ON AUGUST 13TH, his birthday, the ASB commemorates one who has been described as the greatest orator of the English Church – her Bossuet, Massillon, and Bordaloue in one – one of the most popular and influential of our Anglican divines. His father, a humble barber, sufficiently educated to teach his children the elements of grammar and mathematics, came from a respectable family that produced in Dr. Rowland Taylor a chaplain for Thomas Cranmer, and a martyr in the reign of Mary.
Jeremy went up to Caius College, Cambridge at thirteen as a poor scholar, when Milton and Cromwell were undergraduates. Like Archbishop Ussher, he was ordained before his 21st birthday and a chance invitation to preach in St. Paul’s Cathedral for a college friend determined the future course of his ministry.
There, “his sweet and pleasant air, and his sublime and learned discourses”, captivated his listeners. Archbishop Laud invited him to preach before him and immediately recognised his brilliant potential. He nominated him to a Fellowship of All Souls Oxford, no ordinary distinction, where he came to be held in high esteem.
He became Rector of Uppingham in 1637, marrying in 1639 and fathering three sons, one of whom died in 1642 and shortly afterwards Taylor was widowed.
His five quiet years at Uppingham were followed by a domestic Chaplaincy to King Charles who commanded him to publish in 1642 Episcopacy Asserted, defending the historic episcopate; whereupon the King rewarded him with the degree of Doctor of Divinity. His living at Uppingham was one of the first to be sequestrated and without home he became a chaplain with the royalist forces. He was taken prisoner in Wales but was soon released.
This experience furnished his sermons with many apposite images and illustrations. He described this experience as a “great storm which hath dashed the vessel of the Church all to pieces”. But God provided a plank for him. At this time he remarried “a lady of good means”, a friend of Lord Carberry who had given him refuge, and in whose parish he carried on working quietly and writing prolifically while running a school.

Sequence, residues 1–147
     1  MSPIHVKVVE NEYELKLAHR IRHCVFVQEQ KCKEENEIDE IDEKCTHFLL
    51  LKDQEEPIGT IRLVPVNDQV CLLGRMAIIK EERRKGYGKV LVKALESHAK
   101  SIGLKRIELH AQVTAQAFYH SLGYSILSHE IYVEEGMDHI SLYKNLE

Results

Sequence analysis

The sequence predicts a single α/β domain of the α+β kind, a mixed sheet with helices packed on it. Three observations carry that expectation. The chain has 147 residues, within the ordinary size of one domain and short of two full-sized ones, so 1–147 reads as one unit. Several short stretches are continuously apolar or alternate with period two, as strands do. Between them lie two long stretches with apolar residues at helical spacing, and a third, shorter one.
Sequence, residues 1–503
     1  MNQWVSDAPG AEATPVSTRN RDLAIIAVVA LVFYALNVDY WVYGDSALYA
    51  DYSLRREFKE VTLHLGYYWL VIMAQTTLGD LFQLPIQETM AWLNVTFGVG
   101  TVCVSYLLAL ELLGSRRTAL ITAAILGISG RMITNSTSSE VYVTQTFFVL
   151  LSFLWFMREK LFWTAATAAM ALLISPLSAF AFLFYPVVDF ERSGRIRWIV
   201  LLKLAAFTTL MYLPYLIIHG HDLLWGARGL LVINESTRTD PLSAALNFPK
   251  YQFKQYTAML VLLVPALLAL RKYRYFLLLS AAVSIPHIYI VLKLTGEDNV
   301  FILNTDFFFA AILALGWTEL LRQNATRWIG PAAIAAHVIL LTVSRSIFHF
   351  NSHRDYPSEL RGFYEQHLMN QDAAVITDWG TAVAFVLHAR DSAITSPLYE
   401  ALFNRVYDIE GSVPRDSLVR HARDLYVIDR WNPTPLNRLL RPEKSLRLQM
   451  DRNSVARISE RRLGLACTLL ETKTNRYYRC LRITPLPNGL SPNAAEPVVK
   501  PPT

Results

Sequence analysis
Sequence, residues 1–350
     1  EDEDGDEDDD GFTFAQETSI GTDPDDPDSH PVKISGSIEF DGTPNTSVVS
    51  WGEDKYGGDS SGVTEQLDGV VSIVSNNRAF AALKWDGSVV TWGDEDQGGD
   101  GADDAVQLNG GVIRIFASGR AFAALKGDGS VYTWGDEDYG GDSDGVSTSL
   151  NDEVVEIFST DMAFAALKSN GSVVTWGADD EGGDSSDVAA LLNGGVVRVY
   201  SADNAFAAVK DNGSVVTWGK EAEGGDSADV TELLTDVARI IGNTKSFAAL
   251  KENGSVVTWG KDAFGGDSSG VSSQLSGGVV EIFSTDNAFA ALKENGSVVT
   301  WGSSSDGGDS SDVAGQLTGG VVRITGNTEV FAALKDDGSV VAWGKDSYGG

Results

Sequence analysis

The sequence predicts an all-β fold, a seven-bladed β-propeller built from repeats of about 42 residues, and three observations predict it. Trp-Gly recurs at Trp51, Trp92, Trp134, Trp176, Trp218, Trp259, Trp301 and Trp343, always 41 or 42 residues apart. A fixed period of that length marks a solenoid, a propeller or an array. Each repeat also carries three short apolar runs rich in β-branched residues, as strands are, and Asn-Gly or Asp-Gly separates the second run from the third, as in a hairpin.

In 1647 he published his Liberty of Prophesying, a noble defence and exposition of the Catholic Faith as held by the Church of England , written without books, or leisure to consult them, which makes its learning all the more remarkable. In 1650 he wrote The Rule and Exercises of Holy Living and in 1651, The Rule and Exercises of Holy Dying.
He went to Ireland to lecture in 1658 and in 1660 became Bishop of Down and Connor. It was a difficult time because many of his clergy had been presbyterianised and therefore ignored him. To the Roman Catholics he was, if course, wholly unacceptable. The stress of all this affected his health and he died in 1667.
An excellent saying of Taylor was, that God places a watery cloud in the eye, so that when the light of heaven shines on it, it may produce a rainbow to be a sacrament and a memorial that God and the sons of men do not love to see a man perish. The clouds in Taylor’s life had witnessed such rainbows. “When a north wind blows,” he says, “and it rains sadly, none but fools sit down in it, and cry; wise people defend themselves against it with a warm garment, a good fire and a dry roof.”
A man does certainly belong to God who believes and is baptised into all the articles of the Christian faith, and studies to improve his knowledge in the matters of God, so as may best make him to live a holy life; he that, in obedience to Christ, worships frequently, and constantly, with natural religion, praises, and thanksgiving; he that takes all opportunities to remember Christ’s death-by a frequent sacrament, or else by inward acts of understanding, will and memory (which is spiritual communion) supplies the want of the external rite; he that lives chastely; and is merciful: and despises the world, using it as a man, but never suffering to trifle; and is just in his dealing, and diligent in his calling; he that is humble in spirit; and obedient to government; and is content in his fortune and employment; he that does his duty because he loves God; and especially if after all this he be afflicted , and patient or prepared to suffer affliction for the cause of God: the man that has these twelve signs of grace does as certainly belong to and is his son as surely, as he is his creature.
These are the marks of the Lord Jesus, and the characters of a Christian : this is a good religion; and these things God’s grace hath put into our powers, and God’s laws have made to be our duty, and the nature of man, and the needs of commonwealths, have made to be necessary.
From the Preface of Holy Living, Holy Dying
Arthur Middleton is Rector of Boldon, Hon. Canon of Durham and a Tutor at St. Chad’s College Durham